It's still winter in much of the country, but U.S. flyers have already begun to plan their spring travel. So we've analyzed our own data at Hopper to forecast pricing trends and predict consumer behavior through June 2016.
To recap, average domestic consumer airfare dropped to $211 USD in January, the lowest Hopper has yet recorded.
Our data predicts those historical low fares to continue through spring. Figure 1 shows the actual average domestic consumer airfare prices through January 2016 (solid line) and our forecasted price levels through June 2016 (dashed).
While prices remain low, we predict that they will follow normal seasonal demand fluctuations. Hopper's six-month forecast for consumer airfare shows prices peaking in June, closely following a typical annual trendline, before beginning their usual summer slide in July.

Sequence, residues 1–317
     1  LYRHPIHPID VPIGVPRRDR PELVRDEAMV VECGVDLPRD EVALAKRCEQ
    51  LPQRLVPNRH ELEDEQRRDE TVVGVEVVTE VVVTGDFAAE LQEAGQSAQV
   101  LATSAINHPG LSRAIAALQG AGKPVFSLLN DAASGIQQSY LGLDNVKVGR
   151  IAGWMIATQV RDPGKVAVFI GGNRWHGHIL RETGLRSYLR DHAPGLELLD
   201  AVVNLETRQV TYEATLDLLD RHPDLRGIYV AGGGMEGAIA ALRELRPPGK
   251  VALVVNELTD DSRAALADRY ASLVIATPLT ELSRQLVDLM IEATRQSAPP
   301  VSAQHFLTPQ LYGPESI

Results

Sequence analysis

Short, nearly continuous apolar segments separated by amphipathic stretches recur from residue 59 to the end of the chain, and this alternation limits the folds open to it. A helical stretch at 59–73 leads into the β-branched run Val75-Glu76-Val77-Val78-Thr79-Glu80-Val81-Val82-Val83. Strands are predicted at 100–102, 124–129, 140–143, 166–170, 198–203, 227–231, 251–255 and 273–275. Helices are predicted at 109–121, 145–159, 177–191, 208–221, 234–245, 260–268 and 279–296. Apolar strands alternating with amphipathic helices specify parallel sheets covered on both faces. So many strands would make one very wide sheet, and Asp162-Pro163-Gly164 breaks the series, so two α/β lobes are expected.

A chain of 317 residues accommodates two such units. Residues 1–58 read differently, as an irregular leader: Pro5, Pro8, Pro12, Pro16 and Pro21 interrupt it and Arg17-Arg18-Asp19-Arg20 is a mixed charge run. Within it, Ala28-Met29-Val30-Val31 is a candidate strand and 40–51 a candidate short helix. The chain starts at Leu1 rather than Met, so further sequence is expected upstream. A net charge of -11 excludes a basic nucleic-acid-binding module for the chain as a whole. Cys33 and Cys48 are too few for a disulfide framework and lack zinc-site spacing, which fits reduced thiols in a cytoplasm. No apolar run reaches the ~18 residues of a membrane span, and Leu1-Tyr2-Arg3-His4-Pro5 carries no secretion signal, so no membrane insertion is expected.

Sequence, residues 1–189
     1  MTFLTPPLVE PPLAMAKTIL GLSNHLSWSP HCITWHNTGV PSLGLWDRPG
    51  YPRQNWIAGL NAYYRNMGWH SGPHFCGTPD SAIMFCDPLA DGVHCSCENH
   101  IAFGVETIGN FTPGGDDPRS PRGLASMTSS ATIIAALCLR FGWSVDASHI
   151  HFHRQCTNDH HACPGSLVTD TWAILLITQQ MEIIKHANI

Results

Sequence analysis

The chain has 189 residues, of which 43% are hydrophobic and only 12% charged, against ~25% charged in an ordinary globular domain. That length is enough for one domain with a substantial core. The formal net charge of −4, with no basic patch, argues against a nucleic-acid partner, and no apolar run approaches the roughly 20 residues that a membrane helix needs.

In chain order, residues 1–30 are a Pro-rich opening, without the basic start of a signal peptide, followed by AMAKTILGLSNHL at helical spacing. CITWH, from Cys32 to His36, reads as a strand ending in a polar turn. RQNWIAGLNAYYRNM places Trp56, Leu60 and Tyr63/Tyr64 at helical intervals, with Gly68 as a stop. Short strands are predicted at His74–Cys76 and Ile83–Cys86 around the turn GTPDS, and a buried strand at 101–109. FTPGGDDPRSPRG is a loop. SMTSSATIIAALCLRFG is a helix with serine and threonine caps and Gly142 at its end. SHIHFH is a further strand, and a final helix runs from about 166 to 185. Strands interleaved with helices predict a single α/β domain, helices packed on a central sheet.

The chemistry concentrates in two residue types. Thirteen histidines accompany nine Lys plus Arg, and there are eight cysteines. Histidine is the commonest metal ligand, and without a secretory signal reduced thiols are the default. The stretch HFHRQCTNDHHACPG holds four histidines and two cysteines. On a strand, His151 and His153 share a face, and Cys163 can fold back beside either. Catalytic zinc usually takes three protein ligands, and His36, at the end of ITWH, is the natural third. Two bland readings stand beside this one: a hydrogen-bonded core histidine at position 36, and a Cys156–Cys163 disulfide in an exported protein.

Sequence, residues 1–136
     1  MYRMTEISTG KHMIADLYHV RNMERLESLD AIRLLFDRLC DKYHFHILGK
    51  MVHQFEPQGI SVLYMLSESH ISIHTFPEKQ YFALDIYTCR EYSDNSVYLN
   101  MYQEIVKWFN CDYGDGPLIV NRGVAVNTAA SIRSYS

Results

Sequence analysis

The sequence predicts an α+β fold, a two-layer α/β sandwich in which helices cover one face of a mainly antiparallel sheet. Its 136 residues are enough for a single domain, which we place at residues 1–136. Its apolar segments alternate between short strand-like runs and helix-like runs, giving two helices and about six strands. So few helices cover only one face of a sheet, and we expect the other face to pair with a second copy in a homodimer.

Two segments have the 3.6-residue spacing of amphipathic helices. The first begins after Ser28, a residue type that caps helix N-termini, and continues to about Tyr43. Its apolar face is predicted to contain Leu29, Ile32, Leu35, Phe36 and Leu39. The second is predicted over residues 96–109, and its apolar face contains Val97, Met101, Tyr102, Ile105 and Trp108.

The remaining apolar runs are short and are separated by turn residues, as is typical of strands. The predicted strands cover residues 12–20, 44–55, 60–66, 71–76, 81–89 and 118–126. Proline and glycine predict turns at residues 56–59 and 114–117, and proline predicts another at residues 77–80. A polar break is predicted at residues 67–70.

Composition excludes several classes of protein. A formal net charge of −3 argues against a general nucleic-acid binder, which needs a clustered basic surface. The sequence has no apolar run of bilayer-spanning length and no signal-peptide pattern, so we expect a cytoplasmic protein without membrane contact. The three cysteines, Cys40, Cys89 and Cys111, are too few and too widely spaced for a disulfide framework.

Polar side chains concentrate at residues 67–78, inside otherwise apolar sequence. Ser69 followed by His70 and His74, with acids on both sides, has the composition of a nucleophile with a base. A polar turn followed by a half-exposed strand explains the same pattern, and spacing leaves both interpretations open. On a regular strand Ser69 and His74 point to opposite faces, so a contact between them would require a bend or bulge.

Meanwhile, low jet-fuel prices continue to push down prices consumers see.
Below, we've graphed historical airfare data scaled to match Hopper's consumer airfare index compared to U.S. Gulf Coast jet-fuel prices. Recent airfare has dropped to 2010 levels, with jet fuel trading at the lowest price in more than a decade. Consumers are now seeing — and acknowledging — this welcome drop in prices. Additionally, we've found that airfare tends to lag fuel price changes by about two months.
And where are consumers looking to fly? By analyzing our internal watch data, we rounded up the top destinations for spring 2016. The most watched destinations offer a nice geographic spread. Many are traditional domestic spring-break destinations, while the most watched international spots heavily feature Caribbean and European markets.